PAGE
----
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Can personality traits affect likelihood of using mindfulness-based stress reduction?

May 03, 2016

New Rochelle, NY, May 3, 2016--A new study of older adults, who can gain particular quality of life benefits from the use of mindfulness-based stress reduction (MBSR) techniques, showed that specific personality traits were associated with individual differences in the use of MBSR during and post-training. These findings can help better tailor MBSR programs to targeted populations, as described in an article in The Journal of Alternative and Complementary Medicine, a peer-reviewed publication from Mary Ann Liebert, Inc., publishers. The article is available free on The Journal of Alternative and Complementary Medicine website until June 3, 2016.

Tessa Barkan and Michael Hoerger, PhD, Tulane University (New Orleans, LA), Autumn Gallegos, PhD, Paul Duberstein, PhD and Jan Moynihan, PhD, University of Rochester Medical Center (NY), and Nicholas Turiano, PhD, West Virginia University (Morgantown), evaluated the relationship between five aspects of personality--neuroticism, extraversion, openness to experience, conscientiousness, and agreeableness--among a group of older adults and how often they used the MBSR techniques they were taught during an 8-week training program and at follow-up 6 months later.

The article, "Personality Predicts Utilization of Mindfulness-Based Stress Reduction During and Post-Intervention in a Community Sample of Older Adults," describes how MBSR, which combines yoga, meditation, and body scanning, may be especially helpful as a non-pharmacological approach to coping with emotional distress, loneliness, and insomnia and to improving balance and coordination.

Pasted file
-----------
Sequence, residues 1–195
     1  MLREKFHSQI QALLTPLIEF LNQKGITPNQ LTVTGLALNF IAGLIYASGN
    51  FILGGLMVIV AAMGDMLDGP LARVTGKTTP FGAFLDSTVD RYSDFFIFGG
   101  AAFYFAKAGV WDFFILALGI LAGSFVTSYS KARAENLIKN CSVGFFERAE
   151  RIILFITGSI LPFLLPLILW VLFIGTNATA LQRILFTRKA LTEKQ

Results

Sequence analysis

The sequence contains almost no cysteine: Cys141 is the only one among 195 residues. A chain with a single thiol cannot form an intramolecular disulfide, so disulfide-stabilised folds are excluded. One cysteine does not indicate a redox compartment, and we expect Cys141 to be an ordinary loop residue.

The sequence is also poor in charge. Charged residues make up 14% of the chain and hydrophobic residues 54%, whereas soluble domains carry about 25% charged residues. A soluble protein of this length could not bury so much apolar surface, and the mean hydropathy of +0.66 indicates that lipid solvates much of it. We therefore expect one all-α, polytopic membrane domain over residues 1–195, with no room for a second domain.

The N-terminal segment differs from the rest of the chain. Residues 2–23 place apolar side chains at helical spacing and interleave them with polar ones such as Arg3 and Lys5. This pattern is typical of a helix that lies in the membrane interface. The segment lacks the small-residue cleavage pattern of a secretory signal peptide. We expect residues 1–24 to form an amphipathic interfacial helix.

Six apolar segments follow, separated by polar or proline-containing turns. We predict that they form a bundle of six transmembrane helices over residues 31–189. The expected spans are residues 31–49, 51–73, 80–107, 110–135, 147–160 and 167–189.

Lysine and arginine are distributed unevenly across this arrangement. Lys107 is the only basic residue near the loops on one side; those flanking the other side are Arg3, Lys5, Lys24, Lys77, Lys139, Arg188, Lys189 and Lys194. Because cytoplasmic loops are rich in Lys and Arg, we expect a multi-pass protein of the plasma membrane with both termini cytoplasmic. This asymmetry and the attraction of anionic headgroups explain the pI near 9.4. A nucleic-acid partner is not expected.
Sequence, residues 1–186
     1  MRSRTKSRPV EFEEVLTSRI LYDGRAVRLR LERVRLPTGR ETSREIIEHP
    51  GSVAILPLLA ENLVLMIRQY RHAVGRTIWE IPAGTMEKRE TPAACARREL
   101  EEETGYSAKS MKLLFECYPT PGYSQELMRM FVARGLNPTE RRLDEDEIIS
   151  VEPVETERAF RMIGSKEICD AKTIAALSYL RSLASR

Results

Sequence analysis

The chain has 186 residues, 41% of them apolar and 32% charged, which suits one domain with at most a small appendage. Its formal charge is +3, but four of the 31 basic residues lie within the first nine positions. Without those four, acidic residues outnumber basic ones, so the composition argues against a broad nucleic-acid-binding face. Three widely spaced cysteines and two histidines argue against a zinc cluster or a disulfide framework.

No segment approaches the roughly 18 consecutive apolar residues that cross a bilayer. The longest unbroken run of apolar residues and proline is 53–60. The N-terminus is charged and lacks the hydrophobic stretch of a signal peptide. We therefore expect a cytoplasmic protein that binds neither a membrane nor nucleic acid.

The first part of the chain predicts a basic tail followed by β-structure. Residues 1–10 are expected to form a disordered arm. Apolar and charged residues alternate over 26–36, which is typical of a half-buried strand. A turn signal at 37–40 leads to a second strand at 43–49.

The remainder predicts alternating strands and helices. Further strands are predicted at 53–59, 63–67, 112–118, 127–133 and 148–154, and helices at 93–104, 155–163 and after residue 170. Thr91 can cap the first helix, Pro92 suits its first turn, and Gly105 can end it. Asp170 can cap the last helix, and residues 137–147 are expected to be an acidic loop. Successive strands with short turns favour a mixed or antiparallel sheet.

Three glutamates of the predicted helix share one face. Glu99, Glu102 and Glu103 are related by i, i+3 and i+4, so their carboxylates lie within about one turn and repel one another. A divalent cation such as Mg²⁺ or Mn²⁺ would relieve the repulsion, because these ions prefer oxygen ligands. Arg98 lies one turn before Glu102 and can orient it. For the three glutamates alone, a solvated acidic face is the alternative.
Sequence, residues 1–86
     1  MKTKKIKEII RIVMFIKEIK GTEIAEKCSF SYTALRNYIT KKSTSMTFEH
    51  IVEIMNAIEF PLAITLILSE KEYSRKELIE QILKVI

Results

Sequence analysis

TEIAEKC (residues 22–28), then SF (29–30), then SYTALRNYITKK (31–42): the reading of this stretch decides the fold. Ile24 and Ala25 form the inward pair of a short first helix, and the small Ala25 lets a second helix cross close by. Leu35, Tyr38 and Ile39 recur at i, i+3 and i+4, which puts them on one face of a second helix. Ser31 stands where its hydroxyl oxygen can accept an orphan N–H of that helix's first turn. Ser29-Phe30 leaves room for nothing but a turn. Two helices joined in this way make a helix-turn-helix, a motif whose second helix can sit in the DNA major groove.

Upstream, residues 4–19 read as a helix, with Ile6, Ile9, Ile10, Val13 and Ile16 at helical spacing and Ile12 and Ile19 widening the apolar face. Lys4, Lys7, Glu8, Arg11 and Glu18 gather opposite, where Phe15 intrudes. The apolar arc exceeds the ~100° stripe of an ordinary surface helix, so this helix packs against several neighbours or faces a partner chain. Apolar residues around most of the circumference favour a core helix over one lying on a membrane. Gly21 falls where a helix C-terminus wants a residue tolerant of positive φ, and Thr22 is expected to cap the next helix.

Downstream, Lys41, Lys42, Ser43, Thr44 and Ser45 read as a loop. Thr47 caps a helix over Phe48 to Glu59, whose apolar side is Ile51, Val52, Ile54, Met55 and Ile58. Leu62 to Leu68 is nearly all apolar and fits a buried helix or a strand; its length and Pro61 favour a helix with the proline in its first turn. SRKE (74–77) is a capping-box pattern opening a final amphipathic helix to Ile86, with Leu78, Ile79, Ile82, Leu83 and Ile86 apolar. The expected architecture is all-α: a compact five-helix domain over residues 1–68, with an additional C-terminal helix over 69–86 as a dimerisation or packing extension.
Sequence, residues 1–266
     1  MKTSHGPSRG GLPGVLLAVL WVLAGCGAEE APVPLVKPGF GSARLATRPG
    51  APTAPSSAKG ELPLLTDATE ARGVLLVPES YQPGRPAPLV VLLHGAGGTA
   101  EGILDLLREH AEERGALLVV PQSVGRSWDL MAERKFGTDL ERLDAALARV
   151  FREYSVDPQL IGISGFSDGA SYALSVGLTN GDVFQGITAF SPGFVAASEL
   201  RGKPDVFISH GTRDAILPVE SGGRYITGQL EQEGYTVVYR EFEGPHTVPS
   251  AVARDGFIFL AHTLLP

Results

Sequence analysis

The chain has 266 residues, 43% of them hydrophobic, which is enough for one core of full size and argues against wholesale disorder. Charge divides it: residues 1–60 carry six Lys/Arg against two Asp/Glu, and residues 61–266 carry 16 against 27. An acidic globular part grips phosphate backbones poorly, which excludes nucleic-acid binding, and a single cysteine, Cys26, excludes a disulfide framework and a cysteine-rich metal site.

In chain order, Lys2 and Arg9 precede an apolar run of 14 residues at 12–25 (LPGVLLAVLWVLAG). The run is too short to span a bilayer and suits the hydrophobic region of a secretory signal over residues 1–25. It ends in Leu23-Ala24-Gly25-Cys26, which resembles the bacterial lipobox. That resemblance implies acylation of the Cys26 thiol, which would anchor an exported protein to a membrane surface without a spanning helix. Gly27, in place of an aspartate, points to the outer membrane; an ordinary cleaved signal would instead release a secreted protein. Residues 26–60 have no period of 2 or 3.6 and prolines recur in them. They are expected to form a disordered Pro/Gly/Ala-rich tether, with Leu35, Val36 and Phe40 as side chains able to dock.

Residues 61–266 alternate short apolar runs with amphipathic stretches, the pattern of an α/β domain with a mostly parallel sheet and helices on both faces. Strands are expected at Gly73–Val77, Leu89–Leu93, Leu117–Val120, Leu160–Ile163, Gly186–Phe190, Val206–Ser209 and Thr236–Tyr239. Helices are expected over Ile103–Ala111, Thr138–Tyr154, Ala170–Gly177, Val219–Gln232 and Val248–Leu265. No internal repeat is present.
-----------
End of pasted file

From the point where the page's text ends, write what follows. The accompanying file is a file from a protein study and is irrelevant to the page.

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Research reported in this publication was supported by the National Institute of General Medical Sciences under Award Number U54GM104940, the National Institute of Mental Health under Award Numbers R25MH074898 and T32MH018911, and the National Institute on Aging under Award Numbers R01AG025474 and R24AG031089. The content is solely the responsibility of the authors and does not necessarily represent the official views of the National Institutes of Health.

About the Journal

The Journal of Alternative and Complementary Medicine is a monthly peer-reviewed journal published online with open access options and in print. The Journal provides observational, clinical, and scientific reports and commentary intended to help healthcare professionals and scientists evaluate and integrate therapies into patient care protocols and research strategies. Complete tables of content and a sample issue may be viewed on The Journal of Alternative and Complementary Medicine website.

About the Publisher

Mary Ann Liebert, Inc., publishers is a privately held, fully integrated media company known for establishing authoritative peer-reviewed journals in many promising areas of science and biomedical research, including Alternative and Complementary Therapies, Medical Acupuncture, and Journal of Medicinal Food. Its biotechnology trade magazine, GEN (Genetic Engineering & Biotechnology News), was the first in its field and is today the industry's most widely read publication worldwide. A complete list of the firm's 80 journals, books, and newsmagazines is available on the Mary Ann Liebert, Inc., publishers website.

Mary Ann Liebert, Inc./Genetic Engineering News

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